You cannot plan for everything

I run the risk with this post of you thinking that I am going to write about the Tour de France every day.  I commit it will not be the case.  But after watching today’s race I was truly struck by the scenario that unfolded towards the end of the race and thought that the connection to how we need to think about life was strong enough to make note of it. 

To set the context – today was the first stage of the Tour.  It is usually a day of high energy and high nerves.  The teams are all amped up and ready to ride.  Day one – 134 miles (yes a ridiculous distance), with a flat finish to suit the sprinters.  And the day unfolded as normal until about 30 minutes before the race was to end when a Team bus attempted to cross under the finish line before and summarily got stuck under the finishing banner.  It took 100 Tour de France races to have this happen.  Think of it, with all of the experience gained from the years of running the Tour they failed to do what now seems incredible obvious – make sure the race banners are high enough from the ground so that all vehicles could pass under them.  So, obvious yet missed.  Seems to me that the lesson is, you cannot plan for everything.  Sometimes the only way to learn, to get better, to avoid issues is to live through a situation like this one.  For about 20 minutes the race was in turmoil, do they move the bus, change the finish line, tell the riders, yell at each other and more.  Yes, there was a decent ending, the bus got moved, the finish line was re-instated (the riders were told initially the race would be shortened) and there were a few crashes caused by all of the uncertainty. The sprint to the finish happened as planned and a totally unknown rider won.  And day one of the Tour de France is in the record books. Yet……I am sure that no one was happy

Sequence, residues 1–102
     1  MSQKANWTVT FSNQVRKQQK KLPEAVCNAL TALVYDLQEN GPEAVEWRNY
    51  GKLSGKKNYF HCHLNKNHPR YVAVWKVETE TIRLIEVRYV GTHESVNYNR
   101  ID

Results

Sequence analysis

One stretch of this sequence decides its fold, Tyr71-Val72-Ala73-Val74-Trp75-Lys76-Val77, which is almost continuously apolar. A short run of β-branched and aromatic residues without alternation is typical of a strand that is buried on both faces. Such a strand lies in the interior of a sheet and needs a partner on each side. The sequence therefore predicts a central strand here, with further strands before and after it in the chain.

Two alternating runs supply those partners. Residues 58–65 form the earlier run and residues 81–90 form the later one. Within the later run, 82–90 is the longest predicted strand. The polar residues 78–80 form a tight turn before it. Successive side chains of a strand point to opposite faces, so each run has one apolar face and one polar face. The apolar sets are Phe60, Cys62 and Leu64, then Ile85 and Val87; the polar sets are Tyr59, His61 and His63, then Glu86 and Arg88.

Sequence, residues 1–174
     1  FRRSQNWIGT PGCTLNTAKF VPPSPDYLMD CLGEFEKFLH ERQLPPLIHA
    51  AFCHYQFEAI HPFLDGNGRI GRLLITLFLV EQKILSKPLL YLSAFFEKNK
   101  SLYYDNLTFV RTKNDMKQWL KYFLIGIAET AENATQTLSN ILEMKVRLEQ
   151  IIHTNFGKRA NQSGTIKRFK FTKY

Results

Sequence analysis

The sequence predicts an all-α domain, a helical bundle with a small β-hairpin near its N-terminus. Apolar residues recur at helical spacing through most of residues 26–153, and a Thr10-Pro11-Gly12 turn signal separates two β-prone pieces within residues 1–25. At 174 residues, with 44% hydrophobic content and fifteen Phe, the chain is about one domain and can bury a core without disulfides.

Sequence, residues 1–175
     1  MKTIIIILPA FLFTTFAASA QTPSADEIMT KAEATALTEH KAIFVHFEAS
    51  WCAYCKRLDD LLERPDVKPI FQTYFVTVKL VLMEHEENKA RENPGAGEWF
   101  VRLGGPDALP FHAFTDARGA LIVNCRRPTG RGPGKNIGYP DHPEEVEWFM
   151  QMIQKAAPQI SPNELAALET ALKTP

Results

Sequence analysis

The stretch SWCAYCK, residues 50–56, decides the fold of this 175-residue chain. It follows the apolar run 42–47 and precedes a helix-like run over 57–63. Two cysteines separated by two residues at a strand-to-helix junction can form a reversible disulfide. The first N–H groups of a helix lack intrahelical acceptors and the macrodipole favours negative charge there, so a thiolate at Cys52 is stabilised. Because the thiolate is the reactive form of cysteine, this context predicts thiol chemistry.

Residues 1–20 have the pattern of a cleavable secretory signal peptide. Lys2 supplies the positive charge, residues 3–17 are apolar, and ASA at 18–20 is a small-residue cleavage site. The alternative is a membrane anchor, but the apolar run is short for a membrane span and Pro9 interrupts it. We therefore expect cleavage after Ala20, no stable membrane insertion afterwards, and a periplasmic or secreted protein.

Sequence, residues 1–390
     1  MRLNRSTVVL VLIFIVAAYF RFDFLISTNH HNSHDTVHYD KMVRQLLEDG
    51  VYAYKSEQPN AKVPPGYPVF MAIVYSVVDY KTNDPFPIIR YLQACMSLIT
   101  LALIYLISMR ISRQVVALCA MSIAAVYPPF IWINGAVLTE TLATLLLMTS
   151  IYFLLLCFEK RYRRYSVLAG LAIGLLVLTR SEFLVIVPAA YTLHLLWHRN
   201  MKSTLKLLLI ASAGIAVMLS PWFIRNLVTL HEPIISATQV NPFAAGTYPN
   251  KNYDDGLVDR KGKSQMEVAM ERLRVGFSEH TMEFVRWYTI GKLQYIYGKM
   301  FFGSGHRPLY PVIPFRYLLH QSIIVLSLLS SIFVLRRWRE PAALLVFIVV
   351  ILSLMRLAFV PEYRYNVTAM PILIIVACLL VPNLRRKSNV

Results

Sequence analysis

What I am quite certain of is that this kind of issue will never happen again.  For the next 100 years buses will not get stuck under the finishing banner.  But it is not, for sure, the last time that an unforeseen incident occurs and the organizers will need to figure out how to respond.  And here is the connection to THPL.  It is more important to have all of the right capability (predictable and unforeseen) with you at all points in races, life, work and beyond.  But since cannot predict what will happen but we can be ready for how to react.  Building resiliency and effective response is the best assurance that the outcome will be optimized even if it does not meet the original plan. 

I must say that the drama that went on at the Tour today made watching a live event that much better – it was remarkable to see it unfold and get resolved – life in “living color” indeed !

Loving life and the unpredictability that comes with it.